In this work we extend the previously developed projection-based approach  to estimate PWV along the thoraco-abdominal aorta and the iliofemoral arteries by "simultaneously" exciting and collecting velocity-encoded projections at two arterial segments. The method achieves high temporal resolution without gating by sampling the center k-space line repeatedly to approximate the velocity-time curve during the cardiac cycle from a measurement of the complex difference (CD) signal intensity. The goal of this work is to demonstrate the feasibility of the proposed method in healthy subjects.
The CD between velocity-encoded projections retains signal from the moving spins only and represents average signal across the lumen in the projection direction (perpendicular to the readout direction). In order to avoid interference from nearby vessels a suitable readout direction must be chosen. At the onset of systole (flow velocity <<vmax) CD intensity is approximately proportional to velocity, thus the wave-front velocity method can be applied to the time-resolved CD curves to estimate the wave-front propagation time. For example, sin(φ/2) and φ/2 will differ by only 6% even at v = 0.5vmax for an encoding velocity (VENC) ~1.33vmax.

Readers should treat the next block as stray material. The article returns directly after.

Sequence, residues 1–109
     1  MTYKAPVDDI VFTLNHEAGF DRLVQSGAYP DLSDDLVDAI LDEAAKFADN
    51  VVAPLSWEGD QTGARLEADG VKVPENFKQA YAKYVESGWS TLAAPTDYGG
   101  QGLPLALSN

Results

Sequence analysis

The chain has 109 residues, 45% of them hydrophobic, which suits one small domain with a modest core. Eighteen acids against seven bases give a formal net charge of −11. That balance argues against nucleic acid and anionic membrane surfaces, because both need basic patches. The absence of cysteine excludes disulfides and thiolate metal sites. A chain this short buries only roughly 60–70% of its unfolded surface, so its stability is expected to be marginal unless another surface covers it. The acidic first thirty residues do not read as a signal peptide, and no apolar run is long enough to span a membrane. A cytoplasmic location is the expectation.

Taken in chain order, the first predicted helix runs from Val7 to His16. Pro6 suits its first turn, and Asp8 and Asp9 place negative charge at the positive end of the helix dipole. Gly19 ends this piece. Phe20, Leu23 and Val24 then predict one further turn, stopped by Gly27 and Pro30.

For the aortic arch only one slice  is excited to obtain the CD signal at two arterial segments (proximal ascending and distal descending aorta). For "straight" arterial segments (e.g. thoraco-abdominal and iliofemoral arteries), the CD signal is acquired at two arterial sites quasi simultaneously following two successive excitations via two RF pulses of different carrier frequency in the presence of slice-selective gradients (Figure 1). The polarity of the slice-selective gradient (also serves as a rephasing gradient for the 1st RF) of the 2nd RF is reversed to minimize TR and velocity encoding is implemented with bipolar gradients. The slice separation distance ranges from approximately 250 mm (thoraco-abdominal) to 375 mm (iliofemoral), which corresponds to resonance offset of 213 to 320 kHz, respectively, at gradient amplitude of 20 mT/m. One microsecond RF time-steps are used to avoid aliasing of the proximal slice into regions near the distal slice and vice versa, i.e. the first aliased plane will be over one meter away with 20 mT/m gradient amplitude. Further, the receive channels of the coils located intermediate between the slices of interest are manually disabled to minimize cross-talk. Thus specific channels are "assigned" to a particular slice and the data are reconstructed independently.